Let us consider “outside” counsel first. If one assumes that such an obligation should be imposed on outside securities counsel, then why not as well on outside franchise counsel? After all, the purpose of both types of regulation is to promote adequate disclosure. True, but this argument fails to recognize some critical differences between the securities and franchise contexts. A prospective investor in securities has virtually no opportunity to independently investigate the underlying business, and so must rely almost entirely on the prospectus. In contrast, the prospective investor in a franchise can readily meet with existing franchisees to ask about the franchisor, the system, the market for the goods and services, whether the franchisee would buy a second franchise, and many other questions. The potential franchisee can also meet with the franchisor’s personnel to ask questions and to judge their abilities. Yet another difference between a securities and a franchise offering is that the legal costs typically incurred in a securities offering far exceed the range of costs that franchisor can afford, because the profit component of anticipated initial franchise fee revenue is infinitesimal in comparison to the capital which will be generated if the typical securities offering is successful. Another important difference is that, unlike a securities offering, a franchise offering continues in time, so that franchise counsel would be involved in a never-ending due diligence review. Finally, we must recognize that outside counsel typically is retained only to advise on the disclosure obligations and to draft the disclosure document, and has no authority to control the franchisor’s selling practices. All of these factors militate against imposing a due diligence obligation on outside franchise counsel.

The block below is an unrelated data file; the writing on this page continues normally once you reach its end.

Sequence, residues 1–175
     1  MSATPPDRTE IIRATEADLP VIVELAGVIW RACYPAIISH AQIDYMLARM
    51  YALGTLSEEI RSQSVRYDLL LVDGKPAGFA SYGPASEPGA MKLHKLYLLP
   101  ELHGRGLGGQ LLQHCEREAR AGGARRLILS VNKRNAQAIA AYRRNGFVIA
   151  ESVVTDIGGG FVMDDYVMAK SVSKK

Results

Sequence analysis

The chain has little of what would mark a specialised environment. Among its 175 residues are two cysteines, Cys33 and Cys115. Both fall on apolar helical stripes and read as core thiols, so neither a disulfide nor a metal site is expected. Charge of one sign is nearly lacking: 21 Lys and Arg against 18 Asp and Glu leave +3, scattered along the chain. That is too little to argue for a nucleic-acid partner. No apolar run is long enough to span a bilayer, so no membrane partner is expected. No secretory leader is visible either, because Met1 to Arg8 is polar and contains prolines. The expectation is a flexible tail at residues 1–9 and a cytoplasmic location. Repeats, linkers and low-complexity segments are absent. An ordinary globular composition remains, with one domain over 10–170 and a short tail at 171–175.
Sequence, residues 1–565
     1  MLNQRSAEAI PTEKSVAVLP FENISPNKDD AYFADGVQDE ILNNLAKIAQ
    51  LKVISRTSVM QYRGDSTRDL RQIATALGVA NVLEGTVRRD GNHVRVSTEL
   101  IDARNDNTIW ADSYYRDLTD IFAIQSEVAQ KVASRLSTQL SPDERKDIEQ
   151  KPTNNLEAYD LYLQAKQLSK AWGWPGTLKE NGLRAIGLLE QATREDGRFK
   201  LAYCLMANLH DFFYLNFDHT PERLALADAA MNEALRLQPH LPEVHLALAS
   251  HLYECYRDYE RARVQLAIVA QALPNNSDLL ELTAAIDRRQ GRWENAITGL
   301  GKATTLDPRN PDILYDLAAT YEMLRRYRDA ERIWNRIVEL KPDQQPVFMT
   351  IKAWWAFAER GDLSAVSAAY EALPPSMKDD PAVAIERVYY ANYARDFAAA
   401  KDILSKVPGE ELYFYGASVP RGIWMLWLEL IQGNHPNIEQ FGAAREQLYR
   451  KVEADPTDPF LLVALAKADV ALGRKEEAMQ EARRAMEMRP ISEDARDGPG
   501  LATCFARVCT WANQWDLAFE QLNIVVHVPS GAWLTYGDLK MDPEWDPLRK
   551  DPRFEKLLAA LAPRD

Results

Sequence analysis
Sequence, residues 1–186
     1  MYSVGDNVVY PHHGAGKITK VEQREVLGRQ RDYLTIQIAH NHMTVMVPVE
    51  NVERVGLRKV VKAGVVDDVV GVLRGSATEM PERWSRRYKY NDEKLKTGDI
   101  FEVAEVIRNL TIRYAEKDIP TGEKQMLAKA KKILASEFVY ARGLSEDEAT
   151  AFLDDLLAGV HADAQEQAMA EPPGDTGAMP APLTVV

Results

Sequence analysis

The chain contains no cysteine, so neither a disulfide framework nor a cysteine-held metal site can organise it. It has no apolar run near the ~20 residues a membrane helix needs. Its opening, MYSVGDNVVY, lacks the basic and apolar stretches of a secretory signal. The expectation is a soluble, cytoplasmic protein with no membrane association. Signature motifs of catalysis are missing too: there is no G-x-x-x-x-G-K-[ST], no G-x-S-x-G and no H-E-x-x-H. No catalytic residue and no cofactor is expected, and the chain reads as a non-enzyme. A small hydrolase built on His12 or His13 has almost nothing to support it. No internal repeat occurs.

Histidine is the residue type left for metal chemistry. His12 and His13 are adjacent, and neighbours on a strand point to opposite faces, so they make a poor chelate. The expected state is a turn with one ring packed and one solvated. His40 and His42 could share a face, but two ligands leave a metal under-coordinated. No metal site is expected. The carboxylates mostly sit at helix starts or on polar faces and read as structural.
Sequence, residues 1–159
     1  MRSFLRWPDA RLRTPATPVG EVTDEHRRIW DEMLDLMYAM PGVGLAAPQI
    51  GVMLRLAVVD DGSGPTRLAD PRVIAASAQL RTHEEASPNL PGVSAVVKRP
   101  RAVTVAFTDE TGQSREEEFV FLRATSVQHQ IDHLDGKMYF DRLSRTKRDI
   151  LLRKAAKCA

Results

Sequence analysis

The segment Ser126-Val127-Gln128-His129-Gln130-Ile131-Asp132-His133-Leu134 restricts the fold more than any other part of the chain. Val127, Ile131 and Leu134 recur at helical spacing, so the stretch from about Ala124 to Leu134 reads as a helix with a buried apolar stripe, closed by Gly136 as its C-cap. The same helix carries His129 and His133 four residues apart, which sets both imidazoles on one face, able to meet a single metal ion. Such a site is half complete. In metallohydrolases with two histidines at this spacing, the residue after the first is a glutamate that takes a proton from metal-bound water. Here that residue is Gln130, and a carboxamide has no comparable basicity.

Consider next the position of “inside” counsel. If inside counsel is privy to extensive management information, or has authority to direct or control the franchisor’s selling practices, or is otherwise in a position similar to “inside” directors and senior managers, then it is likely that counsel has an obligation to take reasonable steps to independently verify the information in the disclosure document. On the other hand, and for the reasons already stated, there seems to be no justification for imposing a due diligence obligation on inside counsel who is not privy to such information and does not have that authority.
Should counsel decide that it is appropriate to undertake an independent investigation to verify information supplied by the franchisor, then the nature and extent of that investigation is a matter for counsel’s good judgment, having regard to all of the circumstances. Among other things, it would be most prudent for counsel to maintain a “due diligence” file, in which to record the actions which counsel took during the disclosure process, such as steps taken to gather information and track sources of information, and those steps (if any) which counsel took to independently verify information. The file should include such things as copies of engagement and “non-engagement” letters, copies of signed and completed questionnaires and other material which counsel used to gather information, notes of important points discussed and advice given at formal or informal meetings or in telephone conversations, correspondence dealing with important matters, copies of the contracts and other documents which counsel reviewed for disclosure purposes, copies of draft disclosure documents and notes of feedback received on those drafts, any other written material which counsel deems to be important.